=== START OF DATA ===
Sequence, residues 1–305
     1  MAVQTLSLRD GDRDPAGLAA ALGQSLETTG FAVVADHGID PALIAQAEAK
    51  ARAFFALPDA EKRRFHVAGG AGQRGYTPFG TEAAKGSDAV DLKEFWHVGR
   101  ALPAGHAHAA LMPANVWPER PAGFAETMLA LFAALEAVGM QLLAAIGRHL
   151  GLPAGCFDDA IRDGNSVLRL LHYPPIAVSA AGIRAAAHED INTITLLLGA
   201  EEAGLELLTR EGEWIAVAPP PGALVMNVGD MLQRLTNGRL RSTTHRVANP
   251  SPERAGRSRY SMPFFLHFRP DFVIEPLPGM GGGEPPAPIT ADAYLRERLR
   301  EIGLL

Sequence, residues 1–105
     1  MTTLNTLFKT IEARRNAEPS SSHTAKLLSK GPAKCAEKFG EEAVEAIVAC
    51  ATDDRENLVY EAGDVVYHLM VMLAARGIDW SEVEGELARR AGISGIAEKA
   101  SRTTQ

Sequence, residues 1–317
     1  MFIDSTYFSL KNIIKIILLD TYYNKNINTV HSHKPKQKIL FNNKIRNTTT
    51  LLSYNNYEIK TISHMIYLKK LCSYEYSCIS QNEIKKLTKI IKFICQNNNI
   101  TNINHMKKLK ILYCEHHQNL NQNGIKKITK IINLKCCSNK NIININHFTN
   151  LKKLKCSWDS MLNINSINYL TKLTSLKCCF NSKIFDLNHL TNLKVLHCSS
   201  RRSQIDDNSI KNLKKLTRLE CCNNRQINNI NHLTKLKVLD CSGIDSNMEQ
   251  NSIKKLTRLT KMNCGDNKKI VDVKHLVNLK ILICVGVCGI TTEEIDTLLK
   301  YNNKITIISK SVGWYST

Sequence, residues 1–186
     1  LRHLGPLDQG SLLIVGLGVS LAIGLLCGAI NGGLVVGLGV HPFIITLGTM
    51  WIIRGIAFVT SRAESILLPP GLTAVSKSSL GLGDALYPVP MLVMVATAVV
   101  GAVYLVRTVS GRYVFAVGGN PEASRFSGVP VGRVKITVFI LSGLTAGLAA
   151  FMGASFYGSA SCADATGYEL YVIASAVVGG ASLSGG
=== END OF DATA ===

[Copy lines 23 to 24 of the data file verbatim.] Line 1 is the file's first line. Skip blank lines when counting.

    51  WIIRGIAFVT SRAESILLPP GLTAVSKSSL GLGDALYPVP MLVMVATAVV
   101  GAVYLVRTVS GRYVFAVGGN PEASRFSGVP VGRVKITVFI LSGLTAGLAA